The ROD also identifies which standard operating procedures must be used with all applications of herbicides. The BLM will follow these standard operating procedures (SOPs) to ensure that risks to human health and the environment from herbicide treatment actions are kept to a minimum. Standard operating procedures are the management controls and performance standards intended to protect and enhance natural resources that could be affected by vegetation treatments involving the use of herbicides and are found in Appendix B of the ROD.
The Biological Assessment developed for the PEIS outlined conservation measures for species, or groups of species, that react similarly to the proposed vegetation treatments. It provided a protocol to ensure that consultations are done at the local level, when needed. Since the PEIS is programmatic in nature, it does not authorize site specific use. Therefore, any proposed site-specific activity will require a site-specific NEPA evaluation and if necessary, coordination between the local BLM field office and the Services. The BLM field offices must review the conservation measures in the PEIS, PER and include them in local land use plans. (http://www.blm.gov/wo/st/en/prog/more/veg_eis.html/).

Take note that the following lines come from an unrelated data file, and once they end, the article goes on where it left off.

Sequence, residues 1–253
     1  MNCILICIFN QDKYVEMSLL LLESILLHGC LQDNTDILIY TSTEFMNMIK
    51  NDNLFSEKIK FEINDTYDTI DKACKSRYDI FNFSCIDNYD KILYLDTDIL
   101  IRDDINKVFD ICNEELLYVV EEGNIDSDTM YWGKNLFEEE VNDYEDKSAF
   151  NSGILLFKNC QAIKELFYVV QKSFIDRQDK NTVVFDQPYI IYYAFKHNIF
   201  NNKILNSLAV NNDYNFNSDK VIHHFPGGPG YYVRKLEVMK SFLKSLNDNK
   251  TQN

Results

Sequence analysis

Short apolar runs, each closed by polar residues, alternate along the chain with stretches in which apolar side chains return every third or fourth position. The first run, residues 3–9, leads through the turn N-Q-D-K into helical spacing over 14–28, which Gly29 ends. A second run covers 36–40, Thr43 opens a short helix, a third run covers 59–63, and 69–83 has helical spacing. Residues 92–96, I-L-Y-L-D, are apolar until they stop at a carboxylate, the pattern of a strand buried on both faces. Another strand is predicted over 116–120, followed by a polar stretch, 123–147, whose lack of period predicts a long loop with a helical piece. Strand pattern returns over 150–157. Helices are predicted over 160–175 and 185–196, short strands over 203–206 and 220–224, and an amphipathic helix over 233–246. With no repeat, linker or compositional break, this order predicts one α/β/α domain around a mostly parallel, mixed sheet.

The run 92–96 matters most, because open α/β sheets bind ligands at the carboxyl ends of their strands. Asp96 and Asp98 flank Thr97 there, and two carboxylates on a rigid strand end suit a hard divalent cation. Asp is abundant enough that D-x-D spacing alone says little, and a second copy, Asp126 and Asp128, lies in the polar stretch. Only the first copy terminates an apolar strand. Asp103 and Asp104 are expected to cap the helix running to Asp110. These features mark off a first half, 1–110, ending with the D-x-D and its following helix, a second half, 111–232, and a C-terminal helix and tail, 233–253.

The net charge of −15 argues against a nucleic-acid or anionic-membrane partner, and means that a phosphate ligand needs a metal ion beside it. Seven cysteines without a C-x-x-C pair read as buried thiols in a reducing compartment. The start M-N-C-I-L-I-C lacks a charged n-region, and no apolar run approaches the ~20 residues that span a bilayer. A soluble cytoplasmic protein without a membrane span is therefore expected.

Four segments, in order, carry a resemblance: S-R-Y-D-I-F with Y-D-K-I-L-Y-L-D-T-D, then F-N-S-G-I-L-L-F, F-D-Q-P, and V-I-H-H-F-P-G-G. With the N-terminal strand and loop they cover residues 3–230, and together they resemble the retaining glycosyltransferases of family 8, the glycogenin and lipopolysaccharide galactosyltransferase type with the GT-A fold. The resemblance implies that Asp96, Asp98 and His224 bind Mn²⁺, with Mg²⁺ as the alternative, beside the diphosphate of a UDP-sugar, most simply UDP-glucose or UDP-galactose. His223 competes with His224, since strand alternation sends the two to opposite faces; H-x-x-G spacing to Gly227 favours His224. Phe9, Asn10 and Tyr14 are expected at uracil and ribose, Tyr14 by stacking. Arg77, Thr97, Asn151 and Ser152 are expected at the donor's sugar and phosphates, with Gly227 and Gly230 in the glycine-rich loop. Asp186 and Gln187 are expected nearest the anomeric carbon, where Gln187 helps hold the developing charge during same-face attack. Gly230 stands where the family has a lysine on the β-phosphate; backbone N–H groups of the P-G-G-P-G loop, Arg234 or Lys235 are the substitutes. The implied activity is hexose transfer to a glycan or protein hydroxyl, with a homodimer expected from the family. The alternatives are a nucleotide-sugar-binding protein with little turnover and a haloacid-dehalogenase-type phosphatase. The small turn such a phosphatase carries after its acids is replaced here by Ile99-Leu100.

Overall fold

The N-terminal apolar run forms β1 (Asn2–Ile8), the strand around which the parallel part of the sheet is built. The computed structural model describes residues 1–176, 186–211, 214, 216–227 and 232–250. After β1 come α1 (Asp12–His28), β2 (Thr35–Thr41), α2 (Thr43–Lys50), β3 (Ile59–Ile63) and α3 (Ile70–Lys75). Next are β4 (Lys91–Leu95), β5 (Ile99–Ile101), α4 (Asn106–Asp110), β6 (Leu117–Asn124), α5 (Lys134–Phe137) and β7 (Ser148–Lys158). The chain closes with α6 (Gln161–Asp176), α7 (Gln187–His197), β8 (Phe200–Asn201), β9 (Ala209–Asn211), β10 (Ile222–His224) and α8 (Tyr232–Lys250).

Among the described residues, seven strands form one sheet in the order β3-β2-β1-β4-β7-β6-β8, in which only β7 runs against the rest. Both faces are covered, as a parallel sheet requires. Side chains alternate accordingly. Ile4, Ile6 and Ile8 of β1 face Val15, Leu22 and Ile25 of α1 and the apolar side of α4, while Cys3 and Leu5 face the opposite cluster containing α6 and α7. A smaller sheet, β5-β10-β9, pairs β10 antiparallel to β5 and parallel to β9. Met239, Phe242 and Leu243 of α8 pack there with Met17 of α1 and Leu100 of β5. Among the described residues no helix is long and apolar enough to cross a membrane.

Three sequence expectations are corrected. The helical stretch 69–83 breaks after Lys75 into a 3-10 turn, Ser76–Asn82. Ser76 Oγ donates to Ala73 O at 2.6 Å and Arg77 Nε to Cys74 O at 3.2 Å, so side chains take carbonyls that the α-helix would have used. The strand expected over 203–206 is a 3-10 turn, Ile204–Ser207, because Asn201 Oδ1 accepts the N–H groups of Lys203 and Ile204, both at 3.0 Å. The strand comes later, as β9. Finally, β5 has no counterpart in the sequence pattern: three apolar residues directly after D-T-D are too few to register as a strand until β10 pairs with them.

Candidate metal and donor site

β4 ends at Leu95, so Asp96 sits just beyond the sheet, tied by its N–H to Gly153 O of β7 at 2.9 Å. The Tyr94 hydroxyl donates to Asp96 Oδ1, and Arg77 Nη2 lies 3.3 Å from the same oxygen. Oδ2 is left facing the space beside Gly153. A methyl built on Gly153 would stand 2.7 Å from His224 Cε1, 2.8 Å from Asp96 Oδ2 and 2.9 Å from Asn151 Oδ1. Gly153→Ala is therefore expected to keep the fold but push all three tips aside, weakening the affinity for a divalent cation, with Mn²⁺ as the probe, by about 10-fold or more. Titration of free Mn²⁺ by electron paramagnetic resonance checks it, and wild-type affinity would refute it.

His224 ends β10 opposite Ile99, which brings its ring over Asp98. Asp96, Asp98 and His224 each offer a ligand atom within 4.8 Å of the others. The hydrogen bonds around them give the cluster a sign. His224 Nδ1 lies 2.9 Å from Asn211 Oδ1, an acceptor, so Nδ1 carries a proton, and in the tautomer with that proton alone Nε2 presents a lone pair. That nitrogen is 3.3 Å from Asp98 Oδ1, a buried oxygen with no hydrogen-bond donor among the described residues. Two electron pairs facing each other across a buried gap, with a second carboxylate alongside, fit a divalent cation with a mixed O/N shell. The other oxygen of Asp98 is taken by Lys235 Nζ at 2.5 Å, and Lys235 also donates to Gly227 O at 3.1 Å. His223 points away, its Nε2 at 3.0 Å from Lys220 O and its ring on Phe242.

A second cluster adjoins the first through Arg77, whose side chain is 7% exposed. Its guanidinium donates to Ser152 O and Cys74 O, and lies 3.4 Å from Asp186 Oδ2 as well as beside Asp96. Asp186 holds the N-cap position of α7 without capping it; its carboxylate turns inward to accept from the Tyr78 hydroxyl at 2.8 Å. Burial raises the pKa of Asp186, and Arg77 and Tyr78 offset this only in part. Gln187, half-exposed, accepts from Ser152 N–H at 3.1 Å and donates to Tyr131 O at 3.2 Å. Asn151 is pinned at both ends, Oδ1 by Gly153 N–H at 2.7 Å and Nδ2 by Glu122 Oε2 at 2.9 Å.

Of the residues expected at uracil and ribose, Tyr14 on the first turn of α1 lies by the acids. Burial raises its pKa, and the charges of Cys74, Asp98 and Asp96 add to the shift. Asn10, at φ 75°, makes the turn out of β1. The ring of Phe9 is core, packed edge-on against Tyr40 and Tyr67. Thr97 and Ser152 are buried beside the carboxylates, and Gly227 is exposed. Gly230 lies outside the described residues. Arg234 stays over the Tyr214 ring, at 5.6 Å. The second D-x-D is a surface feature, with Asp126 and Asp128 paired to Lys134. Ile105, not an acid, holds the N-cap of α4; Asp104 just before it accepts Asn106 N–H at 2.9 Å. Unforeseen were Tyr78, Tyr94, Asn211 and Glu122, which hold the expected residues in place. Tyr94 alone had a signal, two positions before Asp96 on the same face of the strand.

In addition to using the Standard Operating Procedures (SOP), the BLM must also implement additional measures to mitigate potential adverse environmental effects of using herbicides as appropriate from site specific assessments. These SOP and mitigation measures ensure that all practicable means to avoid or minimize environmental harm have been adopted by the BLM. All BLM District and Field Offices must adhere to the mitigation measures listed in Appendix C of the ROD. These mitigation measures must apply to plants, animals, and other resources at the programmatic level in all 17 western states by local BLM field offices.
To prevent the spread of noxious weeds and invasive plants, the BLM will also follow prevention measures to minimize the amount of existing non-target vegetation that is disturbed during project planning. Preventions measures are found in Table 2-7, on page 2-24
Land Use Planning Consistency reviews: